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IN NOV ANG

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Recently University Hall issued a dictum to the effect that the Harvard Seal may no longer be used on any but official documents. The statement, though not of world-shaking importance, nevertheless has that about it which irks the Harvard man proud of his right to display the seal of the greatest university in the land.

It may no longer head the stationery of undergraduates, proud of the gleaming red seal which is the symbol proclaiming his superiority to other men. It must be out from banners and doubtless divorced from the deadly bookend, that its presence be a not too obvious prop of learning. As a substitute the Harvard arms is offered--the seal minus the circumferential lettering and the Christo et Ecclesiae, but the very shape itself must be altered from the round. What remains is a castrated version, devoid of all meaning and shorn of he grandeur of tradition.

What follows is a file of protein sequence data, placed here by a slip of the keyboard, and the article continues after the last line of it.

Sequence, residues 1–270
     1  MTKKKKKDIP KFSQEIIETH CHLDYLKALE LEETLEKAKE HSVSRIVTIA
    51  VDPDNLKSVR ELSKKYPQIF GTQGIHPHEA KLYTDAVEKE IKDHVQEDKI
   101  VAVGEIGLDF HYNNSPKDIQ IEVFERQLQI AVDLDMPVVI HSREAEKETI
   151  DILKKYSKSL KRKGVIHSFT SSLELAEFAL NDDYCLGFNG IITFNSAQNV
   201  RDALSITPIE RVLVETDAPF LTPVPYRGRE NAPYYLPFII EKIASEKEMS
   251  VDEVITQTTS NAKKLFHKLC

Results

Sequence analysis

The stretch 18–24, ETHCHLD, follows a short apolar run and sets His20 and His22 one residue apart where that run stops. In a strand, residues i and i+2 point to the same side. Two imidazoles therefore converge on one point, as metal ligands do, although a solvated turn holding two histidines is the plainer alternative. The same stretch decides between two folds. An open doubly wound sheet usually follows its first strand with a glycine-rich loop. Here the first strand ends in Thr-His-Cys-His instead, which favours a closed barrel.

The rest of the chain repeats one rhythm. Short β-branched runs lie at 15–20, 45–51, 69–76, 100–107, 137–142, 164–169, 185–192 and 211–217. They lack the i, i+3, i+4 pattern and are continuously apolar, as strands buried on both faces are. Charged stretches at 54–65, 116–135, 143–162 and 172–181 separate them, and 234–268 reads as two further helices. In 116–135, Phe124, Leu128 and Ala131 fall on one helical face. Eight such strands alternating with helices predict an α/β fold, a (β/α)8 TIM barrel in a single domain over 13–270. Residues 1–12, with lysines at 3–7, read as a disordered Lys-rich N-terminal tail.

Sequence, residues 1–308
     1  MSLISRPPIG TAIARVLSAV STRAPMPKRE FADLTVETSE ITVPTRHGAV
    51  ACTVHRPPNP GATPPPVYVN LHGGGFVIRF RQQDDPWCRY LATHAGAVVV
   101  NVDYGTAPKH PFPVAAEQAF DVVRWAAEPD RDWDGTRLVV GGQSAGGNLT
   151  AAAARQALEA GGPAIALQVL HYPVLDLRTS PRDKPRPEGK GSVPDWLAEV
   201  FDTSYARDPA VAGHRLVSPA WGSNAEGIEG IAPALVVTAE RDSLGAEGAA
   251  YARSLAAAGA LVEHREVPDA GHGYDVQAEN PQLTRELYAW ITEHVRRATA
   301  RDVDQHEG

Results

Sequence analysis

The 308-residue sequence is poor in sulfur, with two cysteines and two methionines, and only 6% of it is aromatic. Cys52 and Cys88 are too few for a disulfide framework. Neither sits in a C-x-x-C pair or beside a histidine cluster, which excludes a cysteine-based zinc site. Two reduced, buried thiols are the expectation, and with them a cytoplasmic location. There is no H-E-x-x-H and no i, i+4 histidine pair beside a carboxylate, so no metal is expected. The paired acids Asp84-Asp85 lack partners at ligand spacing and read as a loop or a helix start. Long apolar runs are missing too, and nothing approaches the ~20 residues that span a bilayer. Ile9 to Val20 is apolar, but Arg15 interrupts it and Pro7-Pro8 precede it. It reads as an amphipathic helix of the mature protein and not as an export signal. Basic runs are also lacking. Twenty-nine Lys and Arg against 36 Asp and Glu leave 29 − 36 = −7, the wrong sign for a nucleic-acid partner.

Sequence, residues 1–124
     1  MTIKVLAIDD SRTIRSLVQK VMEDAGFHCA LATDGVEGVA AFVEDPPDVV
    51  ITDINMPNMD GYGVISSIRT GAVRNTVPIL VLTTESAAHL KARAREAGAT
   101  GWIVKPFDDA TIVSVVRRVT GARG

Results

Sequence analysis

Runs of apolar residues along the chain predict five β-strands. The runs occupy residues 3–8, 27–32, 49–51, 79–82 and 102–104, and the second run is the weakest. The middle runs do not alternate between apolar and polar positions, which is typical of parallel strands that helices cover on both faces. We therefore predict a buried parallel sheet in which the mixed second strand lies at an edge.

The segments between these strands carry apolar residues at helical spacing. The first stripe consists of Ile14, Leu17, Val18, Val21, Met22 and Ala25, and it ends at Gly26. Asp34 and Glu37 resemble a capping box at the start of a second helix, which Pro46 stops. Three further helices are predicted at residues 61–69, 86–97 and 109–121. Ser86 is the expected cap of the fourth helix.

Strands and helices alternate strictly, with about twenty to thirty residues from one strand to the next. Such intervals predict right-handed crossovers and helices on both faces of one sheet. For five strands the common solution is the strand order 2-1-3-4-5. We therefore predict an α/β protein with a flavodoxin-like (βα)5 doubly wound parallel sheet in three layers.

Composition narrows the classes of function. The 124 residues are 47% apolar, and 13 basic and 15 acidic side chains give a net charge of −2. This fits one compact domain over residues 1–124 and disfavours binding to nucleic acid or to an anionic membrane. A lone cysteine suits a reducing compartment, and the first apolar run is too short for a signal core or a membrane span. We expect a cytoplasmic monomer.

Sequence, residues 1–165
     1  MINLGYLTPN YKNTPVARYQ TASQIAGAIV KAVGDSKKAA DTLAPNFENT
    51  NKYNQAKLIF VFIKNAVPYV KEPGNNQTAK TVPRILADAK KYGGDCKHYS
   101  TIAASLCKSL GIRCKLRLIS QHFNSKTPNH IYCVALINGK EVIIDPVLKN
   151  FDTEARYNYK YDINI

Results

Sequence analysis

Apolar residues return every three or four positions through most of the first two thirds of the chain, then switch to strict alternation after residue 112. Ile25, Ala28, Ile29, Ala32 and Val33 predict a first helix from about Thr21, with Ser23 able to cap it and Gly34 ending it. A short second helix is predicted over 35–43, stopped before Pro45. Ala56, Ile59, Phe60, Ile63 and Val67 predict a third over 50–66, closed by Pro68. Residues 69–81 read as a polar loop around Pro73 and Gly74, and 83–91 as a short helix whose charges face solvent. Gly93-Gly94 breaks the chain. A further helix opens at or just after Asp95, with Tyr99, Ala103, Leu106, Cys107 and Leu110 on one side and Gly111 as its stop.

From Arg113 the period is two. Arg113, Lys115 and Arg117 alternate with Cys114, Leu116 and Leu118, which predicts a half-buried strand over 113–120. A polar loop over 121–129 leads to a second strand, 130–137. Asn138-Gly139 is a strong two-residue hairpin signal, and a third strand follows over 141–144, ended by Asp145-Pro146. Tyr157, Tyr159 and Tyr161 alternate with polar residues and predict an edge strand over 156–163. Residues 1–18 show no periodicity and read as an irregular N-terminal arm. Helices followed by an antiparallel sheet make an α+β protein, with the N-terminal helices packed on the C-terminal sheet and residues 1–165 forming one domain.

There is neither rhyme nor reason in this action. The seal in itself has long since lost whatever practical value it may once have possessed. Only as a living symbol does it acquire significance. Confined to diplomas and official stationery it forwith becomes a museum piece, completely stripped of the meaning which constant use by Harvard men confers upon it. And it is difficult to imagine who should have more right to its use or pride in its display than the undergraduates and graduates of the University.

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